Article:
yarn run rollup.
dist/leaflet.js. The difference is that
dist/leaflet-src.js has sourcemaps and it's not uglified, so it's better for
dist/leaflet.js is uglified and thus is smaller, so it's better
When developing (or bugfixing) core Leaflet functionalities, it's common to use
the webpages in the
debug/ directory, and run the unit tests (
in a graphical browser. This requires regenerating the bundled files quickly.
In order to do so, run
npm run watch or
yarn run watch. This will keep
on rebuilding the bundles whenever any source file changes.
Running the Tests
To run the tests from the command line,
install PhantomJS (and make sure it's in your
To run all the tests in actual browsers at the same time, you can do:
npm test -- -- --browsers Firefox,Chrome,Safari,IE
To run the tests in a browser manually, open
To generate a detailed report about test coverage (which helps tremendously when working on test improvements), run:
npm test -- --cov
After that, open
coverage/<environment>/index.html in a browser to see the report.
From there you can click through folders/files to get details on their individual coverage.
The code of the live Leaflet website that contains all documentation and examples is located in the
docs/ directory of the
and is automatically generated from a set of HTML and Markdown files by Jekyll.
The easiest way to make little improvements such as fixing typos without even leaving the browser
is by editing one of the files with the online GitHub editor:
choose a certain file for editing (e.g.
plugins.md for the list of Leaflet plugins),
click the Edit button, make changes and follow instructions from there.
Once it gets merged, the changes will immediately appear on the website.
If you need to make edits in a local repository to see how it looks in the process, do the following:
- Install Ruby if don't have it yet.
gem install jekyll.
- Enter the directory where you cloned the Leaflet repository
- Make sure you are in the
masterbranch by running
git checkout master
- Enter the documentation subdirectory by running
jekyll serve --watch.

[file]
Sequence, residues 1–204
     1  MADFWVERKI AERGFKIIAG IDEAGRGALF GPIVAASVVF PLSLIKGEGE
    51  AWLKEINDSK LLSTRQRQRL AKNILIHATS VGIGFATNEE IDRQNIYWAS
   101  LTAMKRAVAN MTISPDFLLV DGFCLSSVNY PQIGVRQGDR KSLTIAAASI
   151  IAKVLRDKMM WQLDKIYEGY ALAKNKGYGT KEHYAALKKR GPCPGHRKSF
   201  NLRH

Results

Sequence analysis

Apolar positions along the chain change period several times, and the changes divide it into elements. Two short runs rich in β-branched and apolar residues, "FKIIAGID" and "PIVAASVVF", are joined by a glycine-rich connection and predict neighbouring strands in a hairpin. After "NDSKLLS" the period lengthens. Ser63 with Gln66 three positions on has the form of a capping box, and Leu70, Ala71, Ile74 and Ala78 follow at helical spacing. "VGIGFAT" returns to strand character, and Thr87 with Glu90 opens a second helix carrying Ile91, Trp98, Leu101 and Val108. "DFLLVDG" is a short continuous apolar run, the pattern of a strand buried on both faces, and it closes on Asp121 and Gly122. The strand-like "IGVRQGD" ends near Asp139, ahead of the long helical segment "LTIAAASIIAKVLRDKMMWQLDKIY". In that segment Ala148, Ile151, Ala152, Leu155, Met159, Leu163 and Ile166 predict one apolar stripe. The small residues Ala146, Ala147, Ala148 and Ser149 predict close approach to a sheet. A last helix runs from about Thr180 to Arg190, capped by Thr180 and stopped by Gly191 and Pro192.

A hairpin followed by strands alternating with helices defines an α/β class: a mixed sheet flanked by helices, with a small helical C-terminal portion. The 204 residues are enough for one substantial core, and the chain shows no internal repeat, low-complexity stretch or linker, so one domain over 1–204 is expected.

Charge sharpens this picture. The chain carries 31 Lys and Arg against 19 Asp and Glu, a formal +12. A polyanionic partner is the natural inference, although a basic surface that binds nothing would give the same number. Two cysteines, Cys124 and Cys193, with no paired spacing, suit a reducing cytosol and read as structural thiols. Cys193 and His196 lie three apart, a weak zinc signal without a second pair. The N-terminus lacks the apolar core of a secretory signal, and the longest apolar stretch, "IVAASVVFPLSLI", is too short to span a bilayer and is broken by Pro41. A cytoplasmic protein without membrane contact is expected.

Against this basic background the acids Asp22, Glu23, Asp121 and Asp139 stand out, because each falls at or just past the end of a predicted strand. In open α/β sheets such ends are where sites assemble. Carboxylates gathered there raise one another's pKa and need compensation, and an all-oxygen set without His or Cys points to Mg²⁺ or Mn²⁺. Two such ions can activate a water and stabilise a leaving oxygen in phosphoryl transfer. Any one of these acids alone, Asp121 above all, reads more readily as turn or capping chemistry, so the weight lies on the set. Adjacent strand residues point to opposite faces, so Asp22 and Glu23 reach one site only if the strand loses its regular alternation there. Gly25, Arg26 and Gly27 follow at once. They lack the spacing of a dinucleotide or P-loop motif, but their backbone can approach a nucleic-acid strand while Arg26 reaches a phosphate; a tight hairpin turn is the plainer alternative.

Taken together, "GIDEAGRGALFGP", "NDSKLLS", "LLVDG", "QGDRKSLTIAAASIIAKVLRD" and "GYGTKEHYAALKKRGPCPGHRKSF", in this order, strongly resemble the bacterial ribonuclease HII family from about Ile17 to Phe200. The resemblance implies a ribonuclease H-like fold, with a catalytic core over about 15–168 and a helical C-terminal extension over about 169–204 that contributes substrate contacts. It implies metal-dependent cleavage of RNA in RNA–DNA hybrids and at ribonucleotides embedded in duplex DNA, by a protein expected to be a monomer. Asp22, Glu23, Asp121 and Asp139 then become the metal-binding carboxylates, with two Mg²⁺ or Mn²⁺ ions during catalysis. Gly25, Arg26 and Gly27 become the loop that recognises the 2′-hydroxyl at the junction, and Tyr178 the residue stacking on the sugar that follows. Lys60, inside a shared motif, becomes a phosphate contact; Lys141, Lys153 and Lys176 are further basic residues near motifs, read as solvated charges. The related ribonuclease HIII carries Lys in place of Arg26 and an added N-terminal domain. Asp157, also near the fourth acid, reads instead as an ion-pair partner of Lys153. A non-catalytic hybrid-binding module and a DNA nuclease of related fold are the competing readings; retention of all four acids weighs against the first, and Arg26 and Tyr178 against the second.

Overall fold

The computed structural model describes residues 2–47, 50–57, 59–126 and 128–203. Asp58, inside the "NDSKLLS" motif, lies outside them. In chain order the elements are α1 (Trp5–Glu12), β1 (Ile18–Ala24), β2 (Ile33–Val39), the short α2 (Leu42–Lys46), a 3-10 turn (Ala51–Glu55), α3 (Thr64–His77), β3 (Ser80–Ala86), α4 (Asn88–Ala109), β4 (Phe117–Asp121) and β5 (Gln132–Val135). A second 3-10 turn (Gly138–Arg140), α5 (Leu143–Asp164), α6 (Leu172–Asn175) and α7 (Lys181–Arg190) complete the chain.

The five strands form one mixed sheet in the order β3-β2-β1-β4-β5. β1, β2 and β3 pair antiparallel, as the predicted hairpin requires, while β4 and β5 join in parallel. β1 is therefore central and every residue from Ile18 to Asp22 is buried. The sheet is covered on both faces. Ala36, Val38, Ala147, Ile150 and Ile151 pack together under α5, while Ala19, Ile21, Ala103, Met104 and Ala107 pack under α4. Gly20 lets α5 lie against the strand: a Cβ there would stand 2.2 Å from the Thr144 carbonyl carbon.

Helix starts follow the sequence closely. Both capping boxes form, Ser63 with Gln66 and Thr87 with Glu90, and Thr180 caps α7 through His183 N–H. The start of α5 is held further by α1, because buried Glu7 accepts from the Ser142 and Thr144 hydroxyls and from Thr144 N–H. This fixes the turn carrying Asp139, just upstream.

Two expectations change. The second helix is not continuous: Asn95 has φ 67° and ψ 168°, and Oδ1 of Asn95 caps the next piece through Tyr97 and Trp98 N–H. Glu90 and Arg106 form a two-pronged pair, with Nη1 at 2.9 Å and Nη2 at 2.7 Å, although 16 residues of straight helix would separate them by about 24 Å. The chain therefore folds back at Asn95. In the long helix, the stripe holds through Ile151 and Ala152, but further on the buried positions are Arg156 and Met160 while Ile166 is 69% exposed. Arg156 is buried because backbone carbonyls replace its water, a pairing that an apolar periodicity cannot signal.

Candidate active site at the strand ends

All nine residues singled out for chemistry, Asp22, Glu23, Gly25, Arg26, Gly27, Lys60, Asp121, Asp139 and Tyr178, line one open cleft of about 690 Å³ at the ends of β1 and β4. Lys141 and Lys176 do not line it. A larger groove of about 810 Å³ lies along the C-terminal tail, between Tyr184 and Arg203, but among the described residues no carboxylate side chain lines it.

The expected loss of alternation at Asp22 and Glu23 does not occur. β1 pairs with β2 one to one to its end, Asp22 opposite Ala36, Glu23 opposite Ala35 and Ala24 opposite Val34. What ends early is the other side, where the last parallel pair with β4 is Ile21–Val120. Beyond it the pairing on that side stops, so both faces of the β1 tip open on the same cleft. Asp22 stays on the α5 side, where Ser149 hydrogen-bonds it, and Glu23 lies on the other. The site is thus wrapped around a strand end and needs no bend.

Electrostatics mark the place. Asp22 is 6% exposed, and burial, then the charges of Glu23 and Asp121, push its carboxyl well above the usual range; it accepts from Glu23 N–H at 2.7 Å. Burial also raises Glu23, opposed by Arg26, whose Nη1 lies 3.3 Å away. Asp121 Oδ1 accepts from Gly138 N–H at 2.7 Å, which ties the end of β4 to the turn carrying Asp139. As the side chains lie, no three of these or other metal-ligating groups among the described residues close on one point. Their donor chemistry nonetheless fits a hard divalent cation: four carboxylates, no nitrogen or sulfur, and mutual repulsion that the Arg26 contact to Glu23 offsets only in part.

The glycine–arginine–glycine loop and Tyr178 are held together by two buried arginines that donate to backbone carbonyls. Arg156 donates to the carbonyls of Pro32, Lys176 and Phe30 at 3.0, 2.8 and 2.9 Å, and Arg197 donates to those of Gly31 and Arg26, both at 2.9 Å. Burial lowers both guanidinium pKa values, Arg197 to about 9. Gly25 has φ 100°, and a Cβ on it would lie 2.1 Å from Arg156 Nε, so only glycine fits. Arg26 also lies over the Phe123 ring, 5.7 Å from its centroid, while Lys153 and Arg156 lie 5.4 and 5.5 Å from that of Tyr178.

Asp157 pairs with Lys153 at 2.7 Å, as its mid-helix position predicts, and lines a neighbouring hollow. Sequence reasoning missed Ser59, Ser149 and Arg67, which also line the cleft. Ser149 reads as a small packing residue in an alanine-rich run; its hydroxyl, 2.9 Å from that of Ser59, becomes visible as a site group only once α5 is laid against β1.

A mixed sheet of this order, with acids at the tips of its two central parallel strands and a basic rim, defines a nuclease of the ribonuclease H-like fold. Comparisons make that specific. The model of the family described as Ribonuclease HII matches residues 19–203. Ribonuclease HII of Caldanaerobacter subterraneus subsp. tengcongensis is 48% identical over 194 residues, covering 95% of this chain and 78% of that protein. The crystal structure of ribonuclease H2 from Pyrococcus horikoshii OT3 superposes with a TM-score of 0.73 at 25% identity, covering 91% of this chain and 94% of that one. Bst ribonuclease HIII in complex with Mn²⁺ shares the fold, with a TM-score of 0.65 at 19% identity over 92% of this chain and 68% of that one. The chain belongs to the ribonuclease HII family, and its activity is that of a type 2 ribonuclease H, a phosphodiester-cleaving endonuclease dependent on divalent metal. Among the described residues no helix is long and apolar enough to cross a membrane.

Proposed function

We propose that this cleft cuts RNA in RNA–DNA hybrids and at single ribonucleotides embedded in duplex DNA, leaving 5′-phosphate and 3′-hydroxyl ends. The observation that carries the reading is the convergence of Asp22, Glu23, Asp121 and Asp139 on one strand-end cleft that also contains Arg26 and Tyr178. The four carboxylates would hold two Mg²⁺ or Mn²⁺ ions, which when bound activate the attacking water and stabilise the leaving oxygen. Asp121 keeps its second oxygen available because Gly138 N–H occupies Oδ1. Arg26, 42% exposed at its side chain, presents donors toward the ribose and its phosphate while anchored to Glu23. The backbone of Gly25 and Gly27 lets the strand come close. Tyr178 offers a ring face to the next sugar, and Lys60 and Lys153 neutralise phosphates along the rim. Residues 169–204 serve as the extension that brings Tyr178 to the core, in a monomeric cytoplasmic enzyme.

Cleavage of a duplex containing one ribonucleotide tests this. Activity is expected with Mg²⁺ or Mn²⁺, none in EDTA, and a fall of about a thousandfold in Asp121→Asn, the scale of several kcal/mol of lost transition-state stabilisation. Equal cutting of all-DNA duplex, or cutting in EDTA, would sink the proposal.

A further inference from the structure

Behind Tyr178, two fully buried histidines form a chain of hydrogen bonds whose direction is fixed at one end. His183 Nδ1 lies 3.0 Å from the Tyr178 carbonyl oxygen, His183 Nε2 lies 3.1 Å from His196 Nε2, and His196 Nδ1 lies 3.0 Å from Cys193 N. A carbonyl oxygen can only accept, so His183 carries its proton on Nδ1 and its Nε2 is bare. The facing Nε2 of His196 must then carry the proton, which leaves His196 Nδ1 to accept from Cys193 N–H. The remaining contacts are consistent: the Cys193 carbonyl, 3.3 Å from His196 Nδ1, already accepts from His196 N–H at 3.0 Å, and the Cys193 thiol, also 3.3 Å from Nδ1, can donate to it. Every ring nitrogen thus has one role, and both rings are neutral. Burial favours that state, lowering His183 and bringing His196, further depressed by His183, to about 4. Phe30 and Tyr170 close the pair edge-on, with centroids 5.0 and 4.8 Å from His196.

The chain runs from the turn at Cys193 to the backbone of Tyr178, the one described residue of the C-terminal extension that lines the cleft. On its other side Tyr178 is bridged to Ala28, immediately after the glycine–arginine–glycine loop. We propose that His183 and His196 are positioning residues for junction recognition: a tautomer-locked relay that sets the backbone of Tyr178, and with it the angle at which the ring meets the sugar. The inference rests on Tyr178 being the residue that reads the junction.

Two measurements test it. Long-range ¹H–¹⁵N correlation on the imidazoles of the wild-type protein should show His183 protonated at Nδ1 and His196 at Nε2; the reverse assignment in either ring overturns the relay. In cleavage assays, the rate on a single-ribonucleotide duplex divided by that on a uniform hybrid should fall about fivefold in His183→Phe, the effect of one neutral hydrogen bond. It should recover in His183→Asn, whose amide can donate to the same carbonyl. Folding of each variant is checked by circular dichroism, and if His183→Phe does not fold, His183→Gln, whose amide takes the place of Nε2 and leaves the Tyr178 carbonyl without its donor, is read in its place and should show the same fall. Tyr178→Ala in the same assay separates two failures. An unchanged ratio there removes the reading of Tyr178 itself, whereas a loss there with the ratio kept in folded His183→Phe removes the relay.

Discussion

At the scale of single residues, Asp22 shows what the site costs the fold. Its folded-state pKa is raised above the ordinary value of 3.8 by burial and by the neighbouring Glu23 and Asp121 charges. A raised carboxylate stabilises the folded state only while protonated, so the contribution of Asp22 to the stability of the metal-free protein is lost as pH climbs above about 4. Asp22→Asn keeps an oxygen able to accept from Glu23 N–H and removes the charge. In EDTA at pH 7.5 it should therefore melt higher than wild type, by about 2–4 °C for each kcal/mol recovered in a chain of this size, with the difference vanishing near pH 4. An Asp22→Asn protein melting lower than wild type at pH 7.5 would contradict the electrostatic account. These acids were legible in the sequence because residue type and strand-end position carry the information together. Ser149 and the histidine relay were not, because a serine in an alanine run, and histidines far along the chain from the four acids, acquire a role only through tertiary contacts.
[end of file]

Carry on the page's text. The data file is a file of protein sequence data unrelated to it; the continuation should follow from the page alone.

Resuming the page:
localhost:4000in your web browser.
Now any file changes will be updated when you reload pages automatically. After committing the changes, just send a pull request.
Since Leaflet 1.0.0-rc1, the API documentation in
reference-1.0.0.html is handled
via Leafdoc. This means that next to the
code for every method, option or property there is a special code comment documenting
that feature. In order to edit the API documentation, just edit these comments in the
In order to generate the documentation, make sure that the development dependencies
are installed (run either
npm install or
yarn install), then just run
npm run docs
and you'll find a
.html file in the
On every release of a new Leaflet version, this file will be generated and copied
docs/reference.html - there is no need to send pull requests with changes to this file to update the API documentation.
Code of Conduct
Everyone is invited to participate in the Leaflet community and related projects: we want to create a welcoming and friendly environment. Harassment of participants or other unethical and unprofessional behavior will not be tolerated in our spaces. The Contributor Covenant applies to all projects under the Leaflet organization. Report any issues to firstname.lastname@example.org.
Not only does your contribution to Leaflet and its community earn our gratitude, but it also makes you AWESOME. Join this approved list of awesome people and help us push the limits of what's possible with online maps!